MORGANTOWN - One might think that after making the single biggest play in one of West Virginia's most high-profile wins ever, Darwin Cook could relax just a little bit.
Well, not really. In fact, scoring his first-ever college touchdown on one of the biggest stages possible just whetted his appetite for more.
"That's my mindset. I want to score,'' West Virginia's junior safety said. "I want to score every game. I didn't make enough plays last year. I really didn't.''
Yeah, but the one he did make was pretty special.
It was Cook, with West Virginia seemingly certain to again fall behind Clemson in a see-saw Orange Bowl game, who helped turn the game around. The Tigers had first-and-goal at the WVU 3-yard line, trailing 21-17, and were averaging more than 10 yards per play on the drive that got them there.
But then linebacker Doug Rigg reached in with his broken hand and stripped Clemson's Andre Ellington of the ball. Cook, from behind the play, reached down and picked it up. Ninety-nine yards and a flattened Obie the Orange mascot later, what seemed certain to be a 24-21 deficit was a 28-17 West Virginia lead.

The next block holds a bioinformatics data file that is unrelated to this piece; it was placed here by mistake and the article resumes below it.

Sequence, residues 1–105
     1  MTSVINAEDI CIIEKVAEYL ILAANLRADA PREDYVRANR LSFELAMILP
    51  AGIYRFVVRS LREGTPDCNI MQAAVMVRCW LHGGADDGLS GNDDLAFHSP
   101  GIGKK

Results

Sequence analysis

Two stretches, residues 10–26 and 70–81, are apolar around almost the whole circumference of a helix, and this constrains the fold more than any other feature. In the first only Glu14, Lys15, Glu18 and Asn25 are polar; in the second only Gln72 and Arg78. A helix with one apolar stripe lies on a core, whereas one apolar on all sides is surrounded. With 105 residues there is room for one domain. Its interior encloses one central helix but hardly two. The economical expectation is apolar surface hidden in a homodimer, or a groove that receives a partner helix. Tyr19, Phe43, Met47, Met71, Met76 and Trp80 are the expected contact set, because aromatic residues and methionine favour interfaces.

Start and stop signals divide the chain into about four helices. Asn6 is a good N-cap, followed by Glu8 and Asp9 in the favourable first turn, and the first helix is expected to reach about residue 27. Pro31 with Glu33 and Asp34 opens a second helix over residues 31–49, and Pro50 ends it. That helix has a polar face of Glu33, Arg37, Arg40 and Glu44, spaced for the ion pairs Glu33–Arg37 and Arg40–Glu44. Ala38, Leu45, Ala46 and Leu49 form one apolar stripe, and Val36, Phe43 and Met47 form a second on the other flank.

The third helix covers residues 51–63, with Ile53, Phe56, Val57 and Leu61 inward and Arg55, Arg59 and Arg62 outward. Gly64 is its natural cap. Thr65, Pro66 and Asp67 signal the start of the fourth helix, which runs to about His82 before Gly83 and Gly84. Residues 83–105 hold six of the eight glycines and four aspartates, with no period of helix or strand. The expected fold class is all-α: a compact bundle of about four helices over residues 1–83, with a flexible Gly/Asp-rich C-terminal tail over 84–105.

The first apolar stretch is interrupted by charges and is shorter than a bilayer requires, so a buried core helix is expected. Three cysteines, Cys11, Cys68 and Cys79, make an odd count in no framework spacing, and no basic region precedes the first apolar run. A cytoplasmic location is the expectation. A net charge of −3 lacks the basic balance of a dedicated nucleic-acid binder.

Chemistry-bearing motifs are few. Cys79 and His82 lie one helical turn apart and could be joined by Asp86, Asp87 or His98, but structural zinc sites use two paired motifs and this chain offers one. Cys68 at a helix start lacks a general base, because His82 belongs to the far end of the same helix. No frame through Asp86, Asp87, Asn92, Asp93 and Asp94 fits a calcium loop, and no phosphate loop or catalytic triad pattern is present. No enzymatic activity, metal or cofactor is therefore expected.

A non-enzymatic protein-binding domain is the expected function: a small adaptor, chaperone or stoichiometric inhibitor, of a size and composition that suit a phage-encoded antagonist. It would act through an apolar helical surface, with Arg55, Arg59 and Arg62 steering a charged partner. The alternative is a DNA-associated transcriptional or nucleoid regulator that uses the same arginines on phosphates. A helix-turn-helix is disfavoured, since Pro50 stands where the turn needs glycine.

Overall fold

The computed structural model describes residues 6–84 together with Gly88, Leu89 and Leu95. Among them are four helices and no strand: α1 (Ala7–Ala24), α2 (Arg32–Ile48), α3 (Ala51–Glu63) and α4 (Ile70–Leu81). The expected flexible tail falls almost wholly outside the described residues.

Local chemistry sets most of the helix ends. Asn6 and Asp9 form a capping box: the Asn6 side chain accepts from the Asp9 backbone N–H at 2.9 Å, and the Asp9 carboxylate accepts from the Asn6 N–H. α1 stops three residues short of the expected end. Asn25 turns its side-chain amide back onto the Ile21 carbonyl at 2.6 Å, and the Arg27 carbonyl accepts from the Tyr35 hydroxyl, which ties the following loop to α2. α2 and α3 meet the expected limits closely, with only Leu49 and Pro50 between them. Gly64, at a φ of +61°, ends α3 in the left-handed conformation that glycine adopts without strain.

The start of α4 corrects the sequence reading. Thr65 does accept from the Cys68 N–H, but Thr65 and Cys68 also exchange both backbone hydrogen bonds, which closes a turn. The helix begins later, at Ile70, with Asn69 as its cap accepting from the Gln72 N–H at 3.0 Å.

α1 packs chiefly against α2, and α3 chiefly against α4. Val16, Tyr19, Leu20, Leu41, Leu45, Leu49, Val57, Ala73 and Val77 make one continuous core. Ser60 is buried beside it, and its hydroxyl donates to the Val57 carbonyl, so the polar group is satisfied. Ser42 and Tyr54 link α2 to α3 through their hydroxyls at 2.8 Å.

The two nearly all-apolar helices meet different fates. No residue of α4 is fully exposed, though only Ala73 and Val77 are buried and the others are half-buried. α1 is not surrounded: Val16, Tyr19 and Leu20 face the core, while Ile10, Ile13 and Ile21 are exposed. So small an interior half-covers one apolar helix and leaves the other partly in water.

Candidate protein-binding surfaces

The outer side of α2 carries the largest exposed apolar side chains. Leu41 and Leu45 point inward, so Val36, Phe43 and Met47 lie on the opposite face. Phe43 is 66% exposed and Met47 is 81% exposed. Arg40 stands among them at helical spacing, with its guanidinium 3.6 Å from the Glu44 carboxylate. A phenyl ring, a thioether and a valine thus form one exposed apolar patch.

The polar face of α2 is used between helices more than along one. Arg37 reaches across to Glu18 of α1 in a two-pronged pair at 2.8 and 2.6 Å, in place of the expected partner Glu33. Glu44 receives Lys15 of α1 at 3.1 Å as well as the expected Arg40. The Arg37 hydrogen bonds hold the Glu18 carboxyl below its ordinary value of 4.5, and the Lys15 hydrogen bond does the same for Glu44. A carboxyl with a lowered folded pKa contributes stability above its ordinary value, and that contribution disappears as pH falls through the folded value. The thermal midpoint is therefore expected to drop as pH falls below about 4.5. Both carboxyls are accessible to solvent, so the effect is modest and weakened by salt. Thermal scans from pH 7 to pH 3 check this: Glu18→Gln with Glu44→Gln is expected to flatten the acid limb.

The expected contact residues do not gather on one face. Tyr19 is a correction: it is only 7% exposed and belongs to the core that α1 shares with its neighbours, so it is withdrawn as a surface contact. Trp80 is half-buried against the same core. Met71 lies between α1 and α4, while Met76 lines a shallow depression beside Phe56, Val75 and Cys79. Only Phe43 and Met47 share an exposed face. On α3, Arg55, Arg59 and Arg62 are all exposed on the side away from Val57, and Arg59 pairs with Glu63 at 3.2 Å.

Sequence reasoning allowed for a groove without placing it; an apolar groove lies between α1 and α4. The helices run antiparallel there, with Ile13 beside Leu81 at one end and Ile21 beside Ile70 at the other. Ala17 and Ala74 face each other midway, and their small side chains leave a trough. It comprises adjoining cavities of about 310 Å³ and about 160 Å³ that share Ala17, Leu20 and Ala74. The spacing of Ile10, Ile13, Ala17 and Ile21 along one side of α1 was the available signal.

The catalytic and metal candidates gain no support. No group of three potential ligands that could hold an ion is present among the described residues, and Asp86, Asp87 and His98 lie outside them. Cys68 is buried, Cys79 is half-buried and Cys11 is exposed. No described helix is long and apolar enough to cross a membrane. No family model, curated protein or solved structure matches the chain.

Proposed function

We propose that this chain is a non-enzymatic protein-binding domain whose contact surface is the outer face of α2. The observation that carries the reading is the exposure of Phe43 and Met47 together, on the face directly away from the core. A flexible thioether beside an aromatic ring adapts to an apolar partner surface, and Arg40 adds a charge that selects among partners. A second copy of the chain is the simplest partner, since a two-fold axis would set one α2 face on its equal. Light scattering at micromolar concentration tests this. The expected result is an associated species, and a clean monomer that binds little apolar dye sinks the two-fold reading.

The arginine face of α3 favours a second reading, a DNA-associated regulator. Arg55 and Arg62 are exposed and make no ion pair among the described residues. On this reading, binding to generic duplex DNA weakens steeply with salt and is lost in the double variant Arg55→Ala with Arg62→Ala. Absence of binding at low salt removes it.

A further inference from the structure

That opened the floodgates and the Mountaineers went on to set all-time NCAA bowl scoring records in a 70-33 rout.
As for Cook, well, he got plenty of ink and air time for both the play itself and what happened at the end of it when he ran over Obie beyond the end zone. And he wouldn't trade the experience for anything.
But he doesn't want to be known as just a one-trick pony.
"Yeah, it was pretty good, but I don't want to be known for just the Orange Bowl,'' Cook said. "I know I'm going to carry that with me, but I don't want to be known just for that.''
Well, as West Virginia prepares to open its season Saturday in what might be the final game ever with Marshall, Cook will likely have as many opportunities as he wants to make plays. He is back for his junior season after starting all 13 games as a sophomore and will also play on both the punt and kickoff teams.
Often times players who set out to make plays don't. Sometimes coaches prefer those who play within the scheme, do their jobs and let the plays come to them.